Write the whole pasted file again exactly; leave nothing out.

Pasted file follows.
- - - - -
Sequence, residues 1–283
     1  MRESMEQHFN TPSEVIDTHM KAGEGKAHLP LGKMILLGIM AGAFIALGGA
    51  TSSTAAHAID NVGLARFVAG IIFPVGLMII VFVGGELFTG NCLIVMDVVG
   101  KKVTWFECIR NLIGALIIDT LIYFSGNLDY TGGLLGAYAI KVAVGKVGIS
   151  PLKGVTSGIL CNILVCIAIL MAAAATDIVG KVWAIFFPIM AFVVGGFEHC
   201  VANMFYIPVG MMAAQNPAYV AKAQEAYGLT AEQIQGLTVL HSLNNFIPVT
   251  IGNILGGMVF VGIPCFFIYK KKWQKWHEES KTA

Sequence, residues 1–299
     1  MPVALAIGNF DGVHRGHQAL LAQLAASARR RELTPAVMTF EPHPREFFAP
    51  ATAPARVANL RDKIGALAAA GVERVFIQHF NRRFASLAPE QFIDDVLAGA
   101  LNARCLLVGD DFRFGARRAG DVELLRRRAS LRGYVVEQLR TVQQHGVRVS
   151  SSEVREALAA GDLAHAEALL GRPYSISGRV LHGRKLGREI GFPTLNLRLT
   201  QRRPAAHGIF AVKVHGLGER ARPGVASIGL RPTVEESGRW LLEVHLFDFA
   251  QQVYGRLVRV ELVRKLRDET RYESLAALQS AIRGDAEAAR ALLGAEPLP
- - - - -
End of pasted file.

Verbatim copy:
Sequence, residues 1–283
     1  MRESMEQHFN TPSEVIDTHM KAGEGKAHLP LGKMILLGIM AGAFIALGGA
    51  TSSTAAHAID NVGLARFVAG IIFPVGLMII VFVGGELFTG NCLIVMDVVG
   101  KKVTWFECIR NLIGALIIDT LIYFSGNLDY TGGLLGAYAI KVAVGKVGIS
   151  PLKGVTSGIL CNILVCIAIL MAAAATDIVG KVWAIFFPIM AFVVGGFEHC
   201  VANMFYIPVG MMAAQNPAYV AKAQEAYGLT AEQIQGLTVL HSLNNFIPVT
   251  IGNILGGMVF VGIPCFFIYK KKWQKWHEES KTA

Sequence, residues 1–299
     1  MPVALAIGNF DGVHRGHQAL LAQLAASARR RELTPAVMTF EPHPREFFAP
    51  ATAPARVANL RDKIGALAAA GVERVFIQHF NRRFASLAPE QFIDDVLAGA
   101  LNARCLLVGD DFRFGARRAG DVELLRRRAS LRGYVVEQLR TVQQHGVRVS
   151  SSEVREALAA GDLAHAEALL GRPYSISGRV LHGRKLGREI GFPTLNLRLT
   201  QRRPAAHGIF AVKVHGLGER ARPGVASIGL RPTVEESGRW LLEVHLFDFA
   251  QQVYGRLVRV ELVRKLRDET RYESLAALQS AIRGDAEAAR ALLGAEPLP